The association between NAFLD and retinopathy was investigated in 5963 participants aged 40 years and older who participated in the NHANES III, a nationally representative, population-based and cross-sectional study. NAFLD was detected via ultrasonography, and fundus photographs were obtained to grade retinopathy patterns. We performed multivariate logistic regression analysis to investigate the relationship between the presence of retinopathy and NAFLD and diabetes.

Results

After adjusting for multiple covariates, NAFLD population had no evidence of retinopathy increase in population without diabetes (odds ratio [OR]: 0.77; 95% confidence interval [CI]: 0.48 to 1.26). In addition, NAFLD in individuals with diabetes was not significantly associated with retinopathy (OR: 0.77; 95% CI: 0.47 to 1.26), independent of age, gender, ethnicity, waist circumference, serum high-density lipoprotein (HDL) cholesterol, serum triglycerides, systolic blood pressure, and glycated hemoglobin.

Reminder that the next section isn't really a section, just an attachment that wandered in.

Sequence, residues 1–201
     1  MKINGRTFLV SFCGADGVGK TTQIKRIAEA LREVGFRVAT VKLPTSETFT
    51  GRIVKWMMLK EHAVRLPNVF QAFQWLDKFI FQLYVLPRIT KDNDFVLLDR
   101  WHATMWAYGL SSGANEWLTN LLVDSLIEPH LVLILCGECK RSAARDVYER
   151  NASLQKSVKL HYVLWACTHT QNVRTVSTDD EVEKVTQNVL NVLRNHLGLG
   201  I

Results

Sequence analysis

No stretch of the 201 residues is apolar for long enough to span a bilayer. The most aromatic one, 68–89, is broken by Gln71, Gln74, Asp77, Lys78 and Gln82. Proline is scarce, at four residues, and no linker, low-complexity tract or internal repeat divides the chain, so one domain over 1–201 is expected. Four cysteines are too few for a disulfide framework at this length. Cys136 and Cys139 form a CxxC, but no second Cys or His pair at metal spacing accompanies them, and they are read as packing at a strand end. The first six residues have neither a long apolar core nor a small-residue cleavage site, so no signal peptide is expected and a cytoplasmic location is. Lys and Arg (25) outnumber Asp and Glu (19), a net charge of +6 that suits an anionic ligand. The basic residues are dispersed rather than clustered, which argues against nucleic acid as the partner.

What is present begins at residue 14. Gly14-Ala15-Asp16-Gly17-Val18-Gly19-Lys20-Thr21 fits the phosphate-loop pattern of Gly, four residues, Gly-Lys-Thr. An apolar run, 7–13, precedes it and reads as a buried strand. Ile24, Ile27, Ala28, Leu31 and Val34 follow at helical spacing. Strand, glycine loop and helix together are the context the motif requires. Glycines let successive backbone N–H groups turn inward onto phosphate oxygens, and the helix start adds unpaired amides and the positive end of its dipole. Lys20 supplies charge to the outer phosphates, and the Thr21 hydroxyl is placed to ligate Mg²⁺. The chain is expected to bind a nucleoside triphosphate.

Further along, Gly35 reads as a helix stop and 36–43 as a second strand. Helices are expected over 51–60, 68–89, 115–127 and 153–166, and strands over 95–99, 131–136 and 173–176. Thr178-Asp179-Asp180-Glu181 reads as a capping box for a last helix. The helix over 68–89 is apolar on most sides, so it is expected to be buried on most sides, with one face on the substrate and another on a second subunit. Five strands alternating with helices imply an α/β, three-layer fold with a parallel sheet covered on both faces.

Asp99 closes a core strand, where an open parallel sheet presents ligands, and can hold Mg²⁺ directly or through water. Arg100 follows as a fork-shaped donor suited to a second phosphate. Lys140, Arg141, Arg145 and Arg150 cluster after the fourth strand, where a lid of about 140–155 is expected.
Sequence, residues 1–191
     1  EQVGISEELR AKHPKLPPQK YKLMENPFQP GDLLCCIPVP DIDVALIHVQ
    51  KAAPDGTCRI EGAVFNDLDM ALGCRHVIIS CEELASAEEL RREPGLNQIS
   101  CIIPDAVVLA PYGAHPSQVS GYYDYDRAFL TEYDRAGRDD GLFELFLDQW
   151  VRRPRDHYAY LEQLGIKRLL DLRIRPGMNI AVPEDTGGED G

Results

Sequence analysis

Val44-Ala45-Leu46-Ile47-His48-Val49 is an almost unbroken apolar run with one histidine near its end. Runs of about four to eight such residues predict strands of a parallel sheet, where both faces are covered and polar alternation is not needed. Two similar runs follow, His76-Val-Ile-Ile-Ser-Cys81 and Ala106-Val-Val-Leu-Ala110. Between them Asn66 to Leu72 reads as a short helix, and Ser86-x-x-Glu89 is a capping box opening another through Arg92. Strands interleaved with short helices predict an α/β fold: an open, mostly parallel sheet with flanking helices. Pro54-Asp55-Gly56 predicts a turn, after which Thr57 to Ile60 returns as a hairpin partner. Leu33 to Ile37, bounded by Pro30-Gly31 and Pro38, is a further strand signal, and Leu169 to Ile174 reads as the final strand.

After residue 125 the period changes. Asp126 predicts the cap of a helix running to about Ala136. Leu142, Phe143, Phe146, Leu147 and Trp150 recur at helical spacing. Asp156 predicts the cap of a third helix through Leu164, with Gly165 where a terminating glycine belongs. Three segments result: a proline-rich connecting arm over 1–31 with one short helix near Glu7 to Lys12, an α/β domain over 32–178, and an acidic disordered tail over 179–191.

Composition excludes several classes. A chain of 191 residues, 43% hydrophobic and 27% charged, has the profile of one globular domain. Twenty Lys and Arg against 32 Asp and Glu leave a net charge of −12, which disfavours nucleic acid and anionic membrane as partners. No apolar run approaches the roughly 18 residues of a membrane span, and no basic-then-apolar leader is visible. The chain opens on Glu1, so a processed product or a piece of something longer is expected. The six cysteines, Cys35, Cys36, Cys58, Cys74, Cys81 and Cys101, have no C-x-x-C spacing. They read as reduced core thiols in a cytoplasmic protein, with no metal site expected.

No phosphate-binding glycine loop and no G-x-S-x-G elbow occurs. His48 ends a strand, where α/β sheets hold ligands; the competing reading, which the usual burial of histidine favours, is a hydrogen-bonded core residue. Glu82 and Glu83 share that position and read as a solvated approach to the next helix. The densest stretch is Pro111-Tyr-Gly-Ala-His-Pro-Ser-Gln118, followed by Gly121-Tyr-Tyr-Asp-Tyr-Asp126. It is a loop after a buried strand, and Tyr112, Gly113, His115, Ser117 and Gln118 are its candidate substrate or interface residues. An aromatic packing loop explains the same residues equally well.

Conclusions

In the US general population, NAFLD is not a precipitating factor of retinopathy in population with or without diabetes.

Introduction